Research indicates that sleep duration and quality are inter-related factors that contribute to obesity, but few studies have focused on sleep chronotype, representing an individual’s circadian proclivity, nor assessed these factors in racially diverse middle-aged samples.
We examined the associations between chronotype and obesity among black and white men and women participating in the Bogalusa Heart Study (BHS).Body mass index (BMI) and sleep data were available for 1,197 middle-aged men and women (mean age 48.2 ± 5.3 years) who participated in the BHS 2013-2016. Based on the reduced Morningness-Eveningness Questionnaire’s cutoff values for chronotypes, we combined ‘definitely morning’ and ‘moderately morning’ types into ‘morning’ type, ‘definitely evening’ and ‘moderately evening’ types into ‘evening’ type and kept those who were “neither” type in a separate group. We used ‘morning’ type as the referent group. Obesity was defined as a BMI ≥ 30. Multivariable logistic regression models were used to examine associations adjusting for sex, age, education, smoking, alcohol use and drug use, depression, shift work, physical activity and sleep duration.Evening chronotype, reported by 11.1% of participants, was associated with obesity after multi-variable adjustment, including shift work, physical activity and sleep duration (OR 1.67, 95% CI: 1.08-2.56).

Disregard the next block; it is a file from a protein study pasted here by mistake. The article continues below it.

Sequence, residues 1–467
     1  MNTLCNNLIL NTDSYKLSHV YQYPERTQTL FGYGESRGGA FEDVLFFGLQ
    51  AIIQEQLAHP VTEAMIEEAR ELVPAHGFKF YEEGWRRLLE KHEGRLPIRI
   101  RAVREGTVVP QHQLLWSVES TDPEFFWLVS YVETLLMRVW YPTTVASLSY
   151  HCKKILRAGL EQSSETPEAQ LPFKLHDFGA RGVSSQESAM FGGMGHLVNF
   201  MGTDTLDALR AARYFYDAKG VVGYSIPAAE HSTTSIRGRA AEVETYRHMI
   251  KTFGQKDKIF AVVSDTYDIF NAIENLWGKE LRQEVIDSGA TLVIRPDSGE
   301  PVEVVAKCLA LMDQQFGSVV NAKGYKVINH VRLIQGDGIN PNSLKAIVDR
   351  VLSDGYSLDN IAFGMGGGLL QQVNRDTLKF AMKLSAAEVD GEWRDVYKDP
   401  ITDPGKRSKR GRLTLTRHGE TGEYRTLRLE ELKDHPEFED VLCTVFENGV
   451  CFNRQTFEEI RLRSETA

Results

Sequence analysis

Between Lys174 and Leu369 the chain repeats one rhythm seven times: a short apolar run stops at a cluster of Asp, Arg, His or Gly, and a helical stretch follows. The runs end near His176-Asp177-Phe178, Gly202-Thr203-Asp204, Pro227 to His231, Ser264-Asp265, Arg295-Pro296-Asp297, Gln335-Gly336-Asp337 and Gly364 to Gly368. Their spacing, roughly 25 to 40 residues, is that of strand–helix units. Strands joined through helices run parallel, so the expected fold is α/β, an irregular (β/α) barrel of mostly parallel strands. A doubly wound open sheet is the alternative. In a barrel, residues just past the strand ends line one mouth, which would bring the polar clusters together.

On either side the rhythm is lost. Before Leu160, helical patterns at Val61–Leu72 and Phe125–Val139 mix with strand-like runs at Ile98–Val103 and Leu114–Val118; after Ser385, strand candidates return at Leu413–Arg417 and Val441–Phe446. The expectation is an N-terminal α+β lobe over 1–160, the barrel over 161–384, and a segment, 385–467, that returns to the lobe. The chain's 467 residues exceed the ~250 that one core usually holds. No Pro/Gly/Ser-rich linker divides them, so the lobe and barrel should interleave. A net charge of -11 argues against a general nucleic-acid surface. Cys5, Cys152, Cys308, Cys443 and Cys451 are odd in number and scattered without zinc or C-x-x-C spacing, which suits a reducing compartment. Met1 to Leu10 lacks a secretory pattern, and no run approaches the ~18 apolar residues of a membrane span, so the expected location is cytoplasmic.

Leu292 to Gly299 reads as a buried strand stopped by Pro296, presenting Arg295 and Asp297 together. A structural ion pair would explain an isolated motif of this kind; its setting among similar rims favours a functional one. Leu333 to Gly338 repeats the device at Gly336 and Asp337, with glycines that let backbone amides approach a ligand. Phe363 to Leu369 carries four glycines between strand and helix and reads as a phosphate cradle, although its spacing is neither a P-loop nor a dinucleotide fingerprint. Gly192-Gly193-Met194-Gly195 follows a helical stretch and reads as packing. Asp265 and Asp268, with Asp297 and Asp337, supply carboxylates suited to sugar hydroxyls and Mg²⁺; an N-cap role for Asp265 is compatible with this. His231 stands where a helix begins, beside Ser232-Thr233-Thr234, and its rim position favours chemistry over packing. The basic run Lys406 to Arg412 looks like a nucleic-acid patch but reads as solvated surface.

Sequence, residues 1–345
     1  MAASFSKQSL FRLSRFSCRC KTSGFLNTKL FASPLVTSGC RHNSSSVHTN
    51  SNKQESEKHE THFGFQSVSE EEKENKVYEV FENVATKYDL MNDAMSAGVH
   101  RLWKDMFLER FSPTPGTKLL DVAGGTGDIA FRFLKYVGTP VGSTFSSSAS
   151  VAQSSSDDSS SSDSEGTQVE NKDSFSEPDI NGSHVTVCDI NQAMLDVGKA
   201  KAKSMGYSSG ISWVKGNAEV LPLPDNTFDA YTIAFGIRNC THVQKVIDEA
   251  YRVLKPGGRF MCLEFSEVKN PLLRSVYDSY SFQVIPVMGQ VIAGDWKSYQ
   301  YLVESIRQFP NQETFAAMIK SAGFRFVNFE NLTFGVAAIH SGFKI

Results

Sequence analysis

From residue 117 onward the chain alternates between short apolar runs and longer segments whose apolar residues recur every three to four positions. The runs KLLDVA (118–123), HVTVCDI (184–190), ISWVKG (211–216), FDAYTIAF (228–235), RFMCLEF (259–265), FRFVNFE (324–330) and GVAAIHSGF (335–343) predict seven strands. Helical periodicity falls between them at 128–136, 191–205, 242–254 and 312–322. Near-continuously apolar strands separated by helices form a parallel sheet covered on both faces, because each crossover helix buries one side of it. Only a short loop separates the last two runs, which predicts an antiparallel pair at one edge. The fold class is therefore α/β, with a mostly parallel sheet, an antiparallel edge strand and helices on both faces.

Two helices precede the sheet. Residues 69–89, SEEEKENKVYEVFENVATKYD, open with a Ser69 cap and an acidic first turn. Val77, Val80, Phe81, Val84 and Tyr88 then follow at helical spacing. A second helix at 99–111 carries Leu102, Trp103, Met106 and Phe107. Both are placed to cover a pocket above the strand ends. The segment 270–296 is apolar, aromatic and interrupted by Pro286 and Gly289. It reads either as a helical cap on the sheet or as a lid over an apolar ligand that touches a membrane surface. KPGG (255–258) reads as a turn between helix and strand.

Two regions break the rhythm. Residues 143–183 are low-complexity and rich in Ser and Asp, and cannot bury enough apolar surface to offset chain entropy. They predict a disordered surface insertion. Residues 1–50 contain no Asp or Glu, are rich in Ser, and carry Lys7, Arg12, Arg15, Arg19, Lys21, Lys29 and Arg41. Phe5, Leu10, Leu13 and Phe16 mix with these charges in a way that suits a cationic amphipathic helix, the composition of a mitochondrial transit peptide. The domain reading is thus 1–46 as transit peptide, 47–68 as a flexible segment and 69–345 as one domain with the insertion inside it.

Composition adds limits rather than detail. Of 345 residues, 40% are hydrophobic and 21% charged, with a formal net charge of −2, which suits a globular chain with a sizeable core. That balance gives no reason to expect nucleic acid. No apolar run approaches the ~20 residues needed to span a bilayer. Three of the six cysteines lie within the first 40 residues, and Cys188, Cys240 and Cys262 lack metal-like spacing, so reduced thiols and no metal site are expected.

However, once stratified by race (black/white), this association was found only among white participants (OR = 1.91, 95% CI = 1.12-3.25) after full adjustment.In our biracial, community-based population, evening chronotype was independently associated with obesity, specifically among white participants. Further research is needed to identify behavioral, endocrine, nutritional and genetic pathways which underlie these associations.